Dear polenta,
Where have you been all my life?
Love, Sarah B

So it happened again, twice in one month. I’ve fallen in head over heels with an entirely new-to-me food. This time, it’s polenta.

I am a little embarrassed to admit that I have absolutely no memory of ever eating polenta. I suppose when it appears on restaurant menus it’s something that I don’t give any consideration, and seeing it on the grocery store shelves fails to inspire in me in any way. How could this happen? Or rather, fail to happen? Why haven’t I given this delightful food a fair chance to woo me? I am almost ashamed to be singing its praises now as if it’s some new-fangled product that has just hit the shelves. I picture you sitting there, reading all this rolling your eyes: “Thanks for comin’ out Sarah B, but you’re a little late to the party”.

And can we please talk about the versatility of this fabulous food? You can cook it down to a velvety consistency as I’ve done here, creating a creamy, yellow polenta pillow for bright spring veggies to lie on. It’s also delicious with saucier dishes, like tomato-based stews, and of course the traditional meat-centric mains. Or you can cook it with less liquid, spread on to a large tray, slice it and bake or fry it. What?! Consider my mind blown. I am looking forward to experimenting with spreading it ultra-thin and using it as a wrap, or flatbread. And making cookies and cakes. And crackers. Is this old news? Probably. Thanks for continuing to indulge me, even if I am a bit slow on the uptake.

Thank goodness I still have plenty of polenta years left in this life because if the last week is any indication of my future, I will be eating this stuff a lot.

Yellow Corn Carotenioids: A reason to eat more Polenta!
Polenta is typically made from yellow corn, which is delightfully loaded with carotenoids – the special compounds that are responsible for the red, orange, and yellow pigments in fruits and vegetables. Carotenoids are powerful antioxidants that protect the cells of the body from damage caused by free radicals. Carotenoids, and specifically beta-carotene, are also believed to enhance the function of the immune system. [1]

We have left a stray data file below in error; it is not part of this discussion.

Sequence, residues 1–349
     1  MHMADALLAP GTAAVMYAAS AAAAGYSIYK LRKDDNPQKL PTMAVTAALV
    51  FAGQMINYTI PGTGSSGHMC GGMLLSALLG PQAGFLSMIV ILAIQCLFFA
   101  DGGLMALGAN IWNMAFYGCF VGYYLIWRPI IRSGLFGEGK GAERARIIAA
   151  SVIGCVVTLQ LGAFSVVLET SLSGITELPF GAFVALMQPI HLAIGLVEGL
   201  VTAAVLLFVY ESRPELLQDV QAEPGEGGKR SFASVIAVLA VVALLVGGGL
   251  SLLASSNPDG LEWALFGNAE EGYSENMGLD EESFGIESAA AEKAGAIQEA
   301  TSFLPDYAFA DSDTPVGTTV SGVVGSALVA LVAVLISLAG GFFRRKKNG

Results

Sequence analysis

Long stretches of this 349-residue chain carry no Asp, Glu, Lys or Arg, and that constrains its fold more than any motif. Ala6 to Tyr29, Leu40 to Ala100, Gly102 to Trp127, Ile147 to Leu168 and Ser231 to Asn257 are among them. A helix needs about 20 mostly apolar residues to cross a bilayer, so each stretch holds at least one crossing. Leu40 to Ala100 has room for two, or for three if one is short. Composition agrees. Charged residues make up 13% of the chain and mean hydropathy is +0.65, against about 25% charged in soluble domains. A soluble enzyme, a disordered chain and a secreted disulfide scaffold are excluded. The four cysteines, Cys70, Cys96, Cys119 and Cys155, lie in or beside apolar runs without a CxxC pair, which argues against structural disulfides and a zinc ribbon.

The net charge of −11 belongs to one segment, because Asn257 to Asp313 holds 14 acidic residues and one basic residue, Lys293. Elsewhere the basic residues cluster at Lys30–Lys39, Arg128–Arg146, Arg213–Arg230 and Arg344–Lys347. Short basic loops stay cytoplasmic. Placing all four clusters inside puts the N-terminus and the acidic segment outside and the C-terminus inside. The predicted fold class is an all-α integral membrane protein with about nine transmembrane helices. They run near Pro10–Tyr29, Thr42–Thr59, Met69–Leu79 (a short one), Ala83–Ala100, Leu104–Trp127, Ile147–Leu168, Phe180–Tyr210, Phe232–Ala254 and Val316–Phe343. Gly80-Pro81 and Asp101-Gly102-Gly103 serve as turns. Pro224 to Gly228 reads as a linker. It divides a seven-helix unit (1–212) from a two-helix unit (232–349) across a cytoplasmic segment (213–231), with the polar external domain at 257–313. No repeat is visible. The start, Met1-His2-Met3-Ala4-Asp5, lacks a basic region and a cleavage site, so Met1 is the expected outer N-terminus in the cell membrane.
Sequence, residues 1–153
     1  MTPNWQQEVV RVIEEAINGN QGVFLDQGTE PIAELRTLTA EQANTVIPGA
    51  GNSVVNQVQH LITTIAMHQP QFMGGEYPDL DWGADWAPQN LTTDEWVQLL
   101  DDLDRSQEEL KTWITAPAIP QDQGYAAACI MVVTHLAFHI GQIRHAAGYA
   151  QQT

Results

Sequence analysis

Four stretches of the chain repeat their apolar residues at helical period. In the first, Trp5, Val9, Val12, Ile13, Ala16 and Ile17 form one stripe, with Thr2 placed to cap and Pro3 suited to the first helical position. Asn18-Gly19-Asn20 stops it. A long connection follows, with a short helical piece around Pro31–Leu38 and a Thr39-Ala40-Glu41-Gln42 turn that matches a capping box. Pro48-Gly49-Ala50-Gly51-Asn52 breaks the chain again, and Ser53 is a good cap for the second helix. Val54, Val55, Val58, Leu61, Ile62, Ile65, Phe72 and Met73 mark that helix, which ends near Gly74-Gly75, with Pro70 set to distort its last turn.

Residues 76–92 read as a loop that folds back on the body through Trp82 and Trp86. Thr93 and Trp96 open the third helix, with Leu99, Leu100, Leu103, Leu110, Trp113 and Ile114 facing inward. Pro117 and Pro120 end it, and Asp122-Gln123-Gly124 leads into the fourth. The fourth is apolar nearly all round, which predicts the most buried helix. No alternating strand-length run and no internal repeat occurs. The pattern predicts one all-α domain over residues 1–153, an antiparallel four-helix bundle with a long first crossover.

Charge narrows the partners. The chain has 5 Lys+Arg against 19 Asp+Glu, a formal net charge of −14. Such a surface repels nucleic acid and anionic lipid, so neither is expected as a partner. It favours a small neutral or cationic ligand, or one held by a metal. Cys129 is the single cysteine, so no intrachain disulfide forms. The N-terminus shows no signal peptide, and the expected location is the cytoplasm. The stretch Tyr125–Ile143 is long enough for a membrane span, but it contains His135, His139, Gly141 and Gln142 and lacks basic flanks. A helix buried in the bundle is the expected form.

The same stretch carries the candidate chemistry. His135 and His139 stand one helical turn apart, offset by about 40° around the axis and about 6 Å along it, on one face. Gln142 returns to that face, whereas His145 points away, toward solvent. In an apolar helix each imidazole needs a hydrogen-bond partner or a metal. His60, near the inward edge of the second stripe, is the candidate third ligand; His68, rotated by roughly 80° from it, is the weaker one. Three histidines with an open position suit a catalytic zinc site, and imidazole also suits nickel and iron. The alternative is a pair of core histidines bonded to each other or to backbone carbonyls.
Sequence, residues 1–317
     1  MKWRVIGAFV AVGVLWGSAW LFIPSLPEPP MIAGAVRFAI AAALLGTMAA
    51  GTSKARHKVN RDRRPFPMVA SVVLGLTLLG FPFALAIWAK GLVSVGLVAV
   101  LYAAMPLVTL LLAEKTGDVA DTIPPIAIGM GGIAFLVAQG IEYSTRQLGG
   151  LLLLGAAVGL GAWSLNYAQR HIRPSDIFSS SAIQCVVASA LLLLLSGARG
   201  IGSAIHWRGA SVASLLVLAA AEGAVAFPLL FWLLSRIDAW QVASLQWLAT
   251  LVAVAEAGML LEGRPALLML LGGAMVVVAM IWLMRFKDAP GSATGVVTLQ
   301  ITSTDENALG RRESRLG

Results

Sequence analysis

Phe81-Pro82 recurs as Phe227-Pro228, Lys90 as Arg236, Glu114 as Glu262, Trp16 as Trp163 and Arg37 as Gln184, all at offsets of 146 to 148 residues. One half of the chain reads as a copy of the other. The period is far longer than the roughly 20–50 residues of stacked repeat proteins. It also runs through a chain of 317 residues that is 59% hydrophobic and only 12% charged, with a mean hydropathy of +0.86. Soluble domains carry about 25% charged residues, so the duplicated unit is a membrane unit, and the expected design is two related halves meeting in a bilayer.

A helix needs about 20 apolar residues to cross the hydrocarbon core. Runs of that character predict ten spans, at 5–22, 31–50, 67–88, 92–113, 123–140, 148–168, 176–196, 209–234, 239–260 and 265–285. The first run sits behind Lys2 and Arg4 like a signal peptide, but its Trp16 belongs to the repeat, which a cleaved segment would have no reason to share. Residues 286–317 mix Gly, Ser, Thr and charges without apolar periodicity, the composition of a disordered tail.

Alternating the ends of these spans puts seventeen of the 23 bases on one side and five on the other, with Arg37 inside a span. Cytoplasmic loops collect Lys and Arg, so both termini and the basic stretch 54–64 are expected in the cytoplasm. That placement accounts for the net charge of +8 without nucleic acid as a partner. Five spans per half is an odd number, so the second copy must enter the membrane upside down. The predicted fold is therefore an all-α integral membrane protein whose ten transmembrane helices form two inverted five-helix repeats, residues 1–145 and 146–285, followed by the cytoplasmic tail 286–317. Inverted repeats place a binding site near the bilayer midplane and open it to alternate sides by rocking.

Studies are currently being conducted to examine the potential anti-cancer properties of carotenoids, as they have shown the ability to stimulate cell-to-cell communication. Researchers now believe that poor communication between cells may be one of the causes of the overgrowth of cells, a condition which eventually leads to cancer. By promoting proper communication between cells, carotenoids may play a role in cancer prevention. [1]

Keep in mind that carotenoids are fat-soluble compounds, meaning that they must be eaten with fat to be absorbed by the body. Your intake of carotenoids may be compromised by a low-fat diet, or if you have a condition that inhibits fat absorption. To ensure that you are absorbing carotenoids it is a good idea to include healthy sources of fat in your meal, such as a drizzle of olive oil or other plant-based fat. Luckily with this dish, I’ve got you covered.

I always recommend purchasing certified organic foods whenever possible, but I think it is especially important in the case of corn. Organic corn is non-GMO and does not contain any harmful pesticide residues. Better yet, look for heirloom varieties that have not been hybridized.